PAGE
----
Illinois House Approves Bump-Stock Ban And Gun-Buyer Age Restrictions
In response to a Florida massacre and the killing of a Chicago police officer, the Democrat-controlled Illinois House pushed through some gun control measures Wednesday, endorsing a bump-stock ban and a minimum age of 21 for buying assault-style weapons.
The House voted to prohibit the sale of bump stocks and "trigger cranks," which increase the firing rates of rifles, effectively making them assault-style weapons. Also approved was a bar on anyone younger than 21 buying assault-style weapons of the type used in the shooting deaths of 17 students in Parkland, Fla.
After a contentious debate, the House also agreed to a Senate-approved measure requiring state licensing of gun dealers, which now goes to Republican Gov. Bruce Rauner.
The other proposals need Senate approval, but lawmakers expect quick action after this month's violent incidents and public frustration just weeks before Illinois voters go to polls March 20 for the primary election.
Rachel Bold, spokeswoman for Rauner, would not state his position on particular bills but signaled his support of a bump-stock ban and said the Republican is encouraged by the "bipartisan conversation."
"We will work with the General Assembly to keep guns out of the wrong hands, ban bump stocks, make our schools safer, and work with law enforcement to protect our children and families," Bold said.
Critics such as the Illinois State Rifle Association and a trade association of firearms dealers oppose the package, calling it overly broad, poorly written and -- in some cases -- a constitutional overreach.
The ban on bump stocks had failed last fall but more than a dozen Republicans joined Democrats to pass it Wednesday.
"Assault weapons have one purpose — to inflict maximum injury and death," Rep. David Harris, R-Arlington Heights, said about bump stocks. He is a U.S. Army veteran and former state adjutant general. "You pull the trigger, and the bullets keep coming out until the magazine is empty. No one needs this device to hunt deer or duck."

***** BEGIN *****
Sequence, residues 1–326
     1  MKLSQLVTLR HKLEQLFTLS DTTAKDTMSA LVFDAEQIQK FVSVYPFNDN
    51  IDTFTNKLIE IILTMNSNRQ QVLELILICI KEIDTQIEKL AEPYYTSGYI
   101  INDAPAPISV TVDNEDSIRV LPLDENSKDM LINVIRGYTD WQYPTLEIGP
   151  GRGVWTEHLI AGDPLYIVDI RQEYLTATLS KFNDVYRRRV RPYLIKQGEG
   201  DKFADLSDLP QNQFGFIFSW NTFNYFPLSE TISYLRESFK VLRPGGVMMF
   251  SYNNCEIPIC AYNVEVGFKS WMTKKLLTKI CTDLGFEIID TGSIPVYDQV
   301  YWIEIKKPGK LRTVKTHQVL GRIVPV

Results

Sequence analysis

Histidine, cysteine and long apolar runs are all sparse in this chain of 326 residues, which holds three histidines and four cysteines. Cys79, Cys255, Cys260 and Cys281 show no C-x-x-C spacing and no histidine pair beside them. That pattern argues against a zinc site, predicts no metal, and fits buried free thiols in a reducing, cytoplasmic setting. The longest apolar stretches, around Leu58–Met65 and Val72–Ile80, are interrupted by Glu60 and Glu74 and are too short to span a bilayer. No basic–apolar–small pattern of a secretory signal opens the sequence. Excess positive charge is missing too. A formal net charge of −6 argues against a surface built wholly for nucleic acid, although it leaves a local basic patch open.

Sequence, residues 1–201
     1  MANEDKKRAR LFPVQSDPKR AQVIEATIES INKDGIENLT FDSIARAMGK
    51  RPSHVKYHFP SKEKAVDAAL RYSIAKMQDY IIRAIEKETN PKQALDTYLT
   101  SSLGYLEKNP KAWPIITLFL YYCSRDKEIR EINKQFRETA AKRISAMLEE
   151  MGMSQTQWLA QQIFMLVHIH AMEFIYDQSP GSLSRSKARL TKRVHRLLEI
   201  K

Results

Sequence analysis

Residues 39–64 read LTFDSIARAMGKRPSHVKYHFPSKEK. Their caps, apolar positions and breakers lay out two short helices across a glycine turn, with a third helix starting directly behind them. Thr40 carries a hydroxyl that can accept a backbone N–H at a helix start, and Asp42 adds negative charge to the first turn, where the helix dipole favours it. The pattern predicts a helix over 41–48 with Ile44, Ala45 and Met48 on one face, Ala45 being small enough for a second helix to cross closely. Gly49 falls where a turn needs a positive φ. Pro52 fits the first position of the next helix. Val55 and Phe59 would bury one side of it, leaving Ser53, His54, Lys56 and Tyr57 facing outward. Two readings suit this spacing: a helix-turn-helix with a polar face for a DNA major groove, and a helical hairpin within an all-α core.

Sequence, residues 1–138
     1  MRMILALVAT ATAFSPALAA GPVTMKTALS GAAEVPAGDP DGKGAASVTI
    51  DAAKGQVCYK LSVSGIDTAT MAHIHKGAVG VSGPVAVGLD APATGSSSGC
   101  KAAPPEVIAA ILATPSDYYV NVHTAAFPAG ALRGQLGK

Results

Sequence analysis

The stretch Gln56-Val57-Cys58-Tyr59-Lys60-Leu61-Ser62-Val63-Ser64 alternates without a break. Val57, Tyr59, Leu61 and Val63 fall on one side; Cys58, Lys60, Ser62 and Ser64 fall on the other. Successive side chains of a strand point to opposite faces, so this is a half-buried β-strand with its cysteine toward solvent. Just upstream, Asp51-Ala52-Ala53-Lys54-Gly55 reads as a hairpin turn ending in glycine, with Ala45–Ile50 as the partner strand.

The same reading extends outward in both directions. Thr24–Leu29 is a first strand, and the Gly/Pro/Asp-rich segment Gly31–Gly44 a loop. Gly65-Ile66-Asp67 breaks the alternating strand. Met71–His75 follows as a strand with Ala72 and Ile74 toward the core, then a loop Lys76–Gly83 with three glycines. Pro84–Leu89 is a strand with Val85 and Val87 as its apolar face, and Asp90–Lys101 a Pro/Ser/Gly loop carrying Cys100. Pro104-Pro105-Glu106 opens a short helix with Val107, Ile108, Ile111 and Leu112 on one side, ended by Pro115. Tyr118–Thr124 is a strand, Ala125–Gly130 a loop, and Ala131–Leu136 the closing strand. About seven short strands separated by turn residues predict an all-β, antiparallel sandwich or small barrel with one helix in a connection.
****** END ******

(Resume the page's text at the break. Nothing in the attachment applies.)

Despite decades of Democratic control of the Illinois House, measures to clamp down on firearms are few and far between. Chicago Democrats, faced with daily headlines of gun violence in the nation's third-largest city, come to Springfield only to lock horns with more conservative central and southern Illinois members of the same party who strongly support hunting and the Second Amendment constitutional right to bear arms.
The debate generating the most heat was over state licensing of firearms dealers. It would require the Illinois Department of Financial and Professional Regulation to collect $1,000 from each dealer for a five-year license. It would require employee training and videotaping in "critical areas" of the business.
House sponsor Rep. Kathleen Willis, D-Addison, said state oversight would identify and eliminate the practice of straw purchasers buying guns legally and then selling them to criminals.
But opponents noted that the federal Bureau of Alcohol, Tobacco, Firearms and Explosives already licenses gun dealers, and its audits are time-intensive and expensive.
A 72-hour "cooling off" period before a buyer could pick up his or her assault-style weapon was approved with little debate.
A proposal to ban high-capacity magazines and civilian use of body armor, as well as another to create a tip line to alert authorities to a neighbor or family member who poses a danger, were not brought to a vote.